OGDEN -- Denice Fujimoto encountered for the first time the three men she is suing in the death of her sister, Esther.
Skyler Shepherd, 22, Colton Raines, 22, and Robert Cole Boyer, 29, were arraigned Wednesday in 2nd District Court on charges from an Aug. 21 boating accident that left Esther Fujimoto dying in the waters of Pineview Reservoir.
Denice was on hand for the arraignment of the three men. She even passed them in the hallway outside the courtroom beforehand, not knowing who they were.
"Unnerving," is how she described seeing them in Judge Ernie Jones' courtroom. "I can't look at them."
But earlier in the day, she and some of Esther's co-workers at the University of Utah were celebrating the passage of a bill in the Utah Legislature that would make it a felony to leave the scene of a boating accident.
They had all lobbied for the bill provoked by Esther's fatality.
Those questions from the media on hand for the arraignments were a little easier to answer without choking up. "I think Esther would be pleased," Denice said.
Raines, Shepherd and Boyer stood before Jones together with their lawyers and agreed to an April 25 status conference.
Defense attorneys Greg Skordas and Glen Neeley asked for the extended date because of the "very voluminous" evidence in the case needing their review.
Raines and Shepherd are charged with reckless endangerment, obstruction of justice and leaving the scene of an accident. Boyer is charged with obstruction of justice. All of the charges are misdemeanors.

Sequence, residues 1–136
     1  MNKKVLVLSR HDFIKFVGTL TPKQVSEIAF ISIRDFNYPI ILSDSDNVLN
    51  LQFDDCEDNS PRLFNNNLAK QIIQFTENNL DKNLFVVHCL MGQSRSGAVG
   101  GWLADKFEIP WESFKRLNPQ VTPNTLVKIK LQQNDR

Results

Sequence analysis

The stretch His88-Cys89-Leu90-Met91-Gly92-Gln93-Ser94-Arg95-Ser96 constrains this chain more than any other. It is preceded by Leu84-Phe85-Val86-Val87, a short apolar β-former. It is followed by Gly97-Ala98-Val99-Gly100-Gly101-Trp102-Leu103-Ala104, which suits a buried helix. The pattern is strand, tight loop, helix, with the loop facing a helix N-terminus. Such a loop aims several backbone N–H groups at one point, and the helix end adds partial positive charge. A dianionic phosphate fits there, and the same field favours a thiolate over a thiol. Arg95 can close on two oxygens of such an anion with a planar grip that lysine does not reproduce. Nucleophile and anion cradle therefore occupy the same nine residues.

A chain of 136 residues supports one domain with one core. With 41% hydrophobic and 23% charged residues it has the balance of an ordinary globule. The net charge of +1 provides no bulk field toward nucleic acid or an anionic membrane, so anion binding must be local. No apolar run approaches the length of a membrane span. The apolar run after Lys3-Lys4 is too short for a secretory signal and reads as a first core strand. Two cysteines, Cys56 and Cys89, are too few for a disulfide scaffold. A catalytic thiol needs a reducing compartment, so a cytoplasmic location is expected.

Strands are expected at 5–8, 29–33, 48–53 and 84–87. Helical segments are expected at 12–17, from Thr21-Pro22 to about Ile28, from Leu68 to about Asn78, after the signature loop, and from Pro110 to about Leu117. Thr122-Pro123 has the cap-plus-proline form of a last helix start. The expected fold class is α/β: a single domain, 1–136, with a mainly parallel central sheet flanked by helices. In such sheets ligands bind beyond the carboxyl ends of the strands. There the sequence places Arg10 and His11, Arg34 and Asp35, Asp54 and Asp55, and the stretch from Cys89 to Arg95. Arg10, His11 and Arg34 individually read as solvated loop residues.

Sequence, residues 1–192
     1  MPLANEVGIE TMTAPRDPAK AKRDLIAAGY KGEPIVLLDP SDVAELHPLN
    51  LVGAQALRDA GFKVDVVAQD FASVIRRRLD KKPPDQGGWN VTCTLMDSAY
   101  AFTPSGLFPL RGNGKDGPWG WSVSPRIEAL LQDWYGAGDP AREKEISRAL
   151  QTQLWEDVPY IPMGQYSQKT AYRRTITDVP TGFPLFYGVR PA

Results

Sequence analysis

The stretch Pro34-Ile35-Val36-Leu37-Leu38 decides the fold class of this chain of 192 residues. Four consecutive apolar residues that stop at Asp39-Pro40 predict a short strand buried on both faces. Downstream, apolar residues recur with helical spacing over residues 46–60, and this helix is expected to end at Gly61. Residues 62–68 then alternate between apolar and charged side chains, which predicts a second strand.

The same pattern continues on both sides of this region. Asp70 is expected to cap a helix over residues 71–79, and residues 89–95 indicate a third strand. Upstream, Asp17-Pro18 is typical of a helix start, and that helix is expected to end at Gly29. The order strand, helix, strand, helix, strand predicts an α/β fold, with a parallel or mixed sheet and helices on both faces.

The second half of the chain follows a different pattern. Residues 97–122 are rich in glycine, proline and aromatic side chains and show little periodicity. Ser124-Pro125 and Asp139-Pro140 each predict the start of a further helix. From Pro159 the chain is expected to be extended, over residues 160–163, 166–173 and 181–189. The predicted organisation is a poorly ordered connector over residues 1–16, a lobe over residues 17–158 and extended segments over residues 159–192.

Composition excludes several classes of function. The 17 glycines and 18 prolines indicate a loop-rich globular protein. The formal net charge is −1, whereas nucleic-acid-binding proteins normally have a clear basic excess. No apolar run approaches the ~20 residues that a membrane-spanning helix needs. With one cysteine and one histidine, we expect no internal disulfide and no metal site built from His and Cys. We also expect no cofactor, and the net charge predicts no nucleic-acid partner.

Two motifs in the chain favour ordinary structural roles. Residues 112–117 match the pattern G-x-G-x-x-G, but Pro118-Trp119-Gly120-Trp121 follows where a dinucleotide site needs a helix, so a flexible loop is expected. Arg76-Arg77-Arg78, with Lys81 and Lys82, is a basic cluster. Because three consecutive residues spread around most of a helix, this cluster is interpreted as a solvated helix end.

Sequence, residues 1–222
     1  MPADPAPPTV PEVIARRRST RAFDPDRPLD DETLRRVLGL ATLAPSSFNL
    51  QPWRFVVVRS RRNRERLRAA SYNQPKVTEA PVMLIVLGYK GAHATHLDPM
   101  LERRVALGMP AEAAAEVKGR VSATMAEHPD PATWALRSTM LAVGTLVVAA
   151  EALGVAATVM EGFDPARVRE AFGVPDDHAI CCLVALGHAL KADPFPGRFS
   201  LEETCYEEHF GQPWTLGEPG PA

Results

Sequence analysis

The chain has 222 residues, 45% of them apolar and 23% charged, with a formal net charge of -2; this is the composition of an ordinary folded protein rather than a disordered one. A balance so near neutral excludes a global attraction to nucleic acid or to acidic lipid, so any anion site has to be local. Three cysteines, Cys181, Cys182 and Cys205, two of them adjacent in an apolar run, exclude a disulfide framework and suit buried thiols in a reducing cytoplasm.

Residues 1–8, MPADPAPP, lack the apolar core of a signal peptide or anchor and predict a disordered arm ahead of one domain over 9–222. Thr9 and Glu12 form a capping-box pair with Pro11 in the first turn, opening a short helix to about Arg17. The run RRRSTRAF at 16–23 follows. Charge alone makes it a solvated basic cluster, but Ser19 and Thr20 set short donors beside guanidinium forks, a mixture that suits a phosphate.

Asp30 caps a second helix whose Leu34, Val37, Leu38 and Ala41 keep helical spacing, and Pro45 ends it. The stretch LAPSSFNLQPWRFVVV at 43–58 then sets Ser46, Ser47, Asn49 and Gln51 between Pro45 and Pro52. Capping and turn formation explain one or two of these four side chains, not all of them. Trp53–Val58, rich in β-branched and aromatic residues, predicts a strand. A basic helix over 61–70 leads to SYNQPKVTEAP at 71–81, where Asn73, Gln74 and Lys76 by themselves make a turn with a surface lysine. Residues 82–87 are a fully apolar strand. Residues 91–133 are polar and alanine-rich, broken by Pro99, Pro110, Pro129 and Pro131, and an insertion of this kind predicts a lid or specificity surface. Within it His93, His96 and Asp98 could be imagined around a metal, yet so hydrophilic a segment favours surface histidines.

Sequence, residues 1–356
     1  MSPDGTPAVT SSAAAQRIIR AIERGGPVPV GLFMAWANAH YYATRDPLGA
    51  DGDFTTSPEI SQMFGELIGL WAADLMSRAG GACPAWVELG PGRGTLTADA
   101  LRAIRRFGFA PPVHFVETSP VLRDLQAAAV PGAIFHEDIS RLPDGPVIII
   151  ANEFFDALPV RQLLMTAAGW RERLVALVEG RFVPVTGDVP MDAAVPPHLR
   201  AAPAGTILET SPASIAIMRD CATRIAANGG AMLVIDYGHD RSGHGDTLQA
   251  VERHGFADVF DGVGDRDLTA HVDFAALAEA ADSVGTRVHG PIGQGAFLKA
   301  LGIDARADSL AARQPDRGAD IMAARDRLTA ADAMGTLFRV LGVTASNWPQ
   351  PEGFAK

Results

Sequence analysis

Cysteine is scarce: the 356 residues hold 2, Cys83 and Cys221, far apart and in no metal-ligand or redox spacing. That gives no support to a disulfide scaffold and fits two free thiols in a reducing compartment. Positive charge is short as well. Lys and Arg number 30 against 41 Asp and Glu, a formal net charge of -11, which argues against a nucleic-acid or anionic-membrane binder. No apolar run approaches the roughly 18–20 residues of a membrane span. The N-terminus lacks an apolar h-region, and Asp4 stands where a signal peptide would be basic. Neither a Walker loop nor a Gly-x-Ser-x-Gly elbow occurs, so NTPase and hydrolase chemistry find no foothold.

Esther Fujimoto, 49, was a molecular biologist who worked as a senior lab specialist in the University of Utah's Department of Neurobiology and Anatomy. She was seeking a cure for cerebral palsy and was also part of a team that identified a breast cancer gene.
Denice filed the wrongful death lawsuit in 2nd District Court, also to be heard by Jones, last fall. It remains in the discovery phase without a court date scheduled.
Skordas and Neeley filed responses claiming Fujimoto shared some negligence for swimming in an area not marked off for boaters to avoid.
Denice and her sister's former co-worker, Brooke Gaynes, told reporters they thought the charges were a little light but said prosecutors informed them they were the only part of the criminal code that addressed the circumstances.
"That's why we had to go to the Legislature," Denice said.
"I don't think anybody really thinks a misdemeanor fits what happened," Gaynes said.
According to charging documents, Raines was driving Shepherd's boat when they struck Fujimoto as she swam in the Spring Creek area of Pineview.
A witness reported seeing the boat turn and go back to Fujimoto in the water and the men were heard asking if she was OK. Then they drove off, according to the charges.
Denice Fujimoto said that's the hardest part, that the men apparently left Esther there as she bled from serious injuries. The swimmer died in a patrol boat.
"It will be good for us to know the truth of what happened," said Gaynes, saying they hoped for a trial, not a plea bargain. She also spoke for Denice when Denice simply could not answer reporters' questions Wednesday.